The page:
I have been recording nearly every day this week. Since Wednesday I recorded three new pieces. One new piece each afternoon. It’s a walk to the frontier, to the fog that obscures the mountain. I thought these pieces would take me into foreign territory but they feel truthful, right and beautiful. Prepared guitar, half-speed guitar, anything I can think of. Having a ball. The high of the flow.
After spending a couple of hours recording, and feeling that I wasn’t getting anywhere, I took a break and wove a small piece of cloth through the strings of the guitar, over, under, over, etc.
Prepared guitar. The cloth muted the sound in a very interesting and organic way and within half an hour I had a new piece recorded, using a rain rhythm I had created last year. Jon wrote that it reminded him of the Opium album recordings. I’ll take that. My partner says it’s her new favorite.
Lesson: sometimes a small change of sound can inspire something new.
I also learned that with the relatively close mic position – about a foot distance – I have always preferred I don’t have to worry so much about background noises. I even started using the trusty Neumann M149 a while ago. It picks up more ambient sound than the laser-focused Earthworks mic but it’s fine. Classical guitarists usually record with the microphone several feet away and that, I’m sure, would be problematic.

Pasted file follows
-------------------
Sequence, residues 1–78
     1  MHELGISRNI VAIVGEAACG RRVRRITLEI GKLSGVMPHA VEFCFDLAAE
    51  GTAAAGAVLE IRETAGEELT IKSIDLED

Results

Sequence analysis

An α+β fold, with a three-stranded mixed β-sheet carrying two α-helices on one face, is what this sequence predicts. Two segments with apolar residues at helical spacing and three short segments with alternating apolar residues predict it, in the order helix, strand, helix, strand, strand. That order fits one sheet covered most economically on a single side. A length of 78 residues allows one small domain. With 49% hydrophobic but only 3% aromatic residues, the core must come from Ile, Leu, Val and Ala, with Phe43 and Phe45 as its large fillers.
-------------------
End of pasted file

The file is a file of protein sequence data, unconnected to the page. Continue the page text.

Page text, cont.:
I realized that I have recorded 12 pieces for the new album. Over 40m of music.
Title might be: Rain Poems
Poems don’t have to be words. I have had food that was a poem, seen images and paintings that were poems. I couldn’t tell you what makes one painting a poem while another won’t be.
Discovered a tip. Make a verse too long and see whether you can fill it with something interesting. When a verse is long one is pushed to try different things, maybe new things. One melody won’t do… there have to be other elements, more elements. The easy solution would be to make the verses shorter. More interesting was to rise to the length. Have been listening to the result many times now. Feels good.
I should make a list of tips for recording. Can think of several right off the bat.
I saw this new offering from Ableton: SPAT
Use SPAT’s audio localization technology to transform your mixes into binaural and transaural soundscapes. Create realistic-sounding spaces for your sounds to inhabit, or experiment endlessly with advanced panning algorithms and convincing psychoacoustic parameters.
On their website they have a couple of impressive examples of mixing with SPAT – always seems like the past tense of spit to me – India Song and En Mis Recuerdos. Have a listen! The sound stage is pretty amazing, especially on headphones. To me it sounds more immersive than my experience with Dolby Atmos on headphones.
The SPAT software was developed at IRCAM, the famous French institute dedicated to the research of music and sound.
While I sometimes use Ableton Live I don’t ever mix with it, so I looked for a SPAT plugin for ProTools, which is my platform of choice. I found a website called Flux Audio that offered such a plugin. SPAT Revolution Essential looks like it could work for me. Have you had any experience with either the Ableton pack by Music Unit or the plugin by Flux?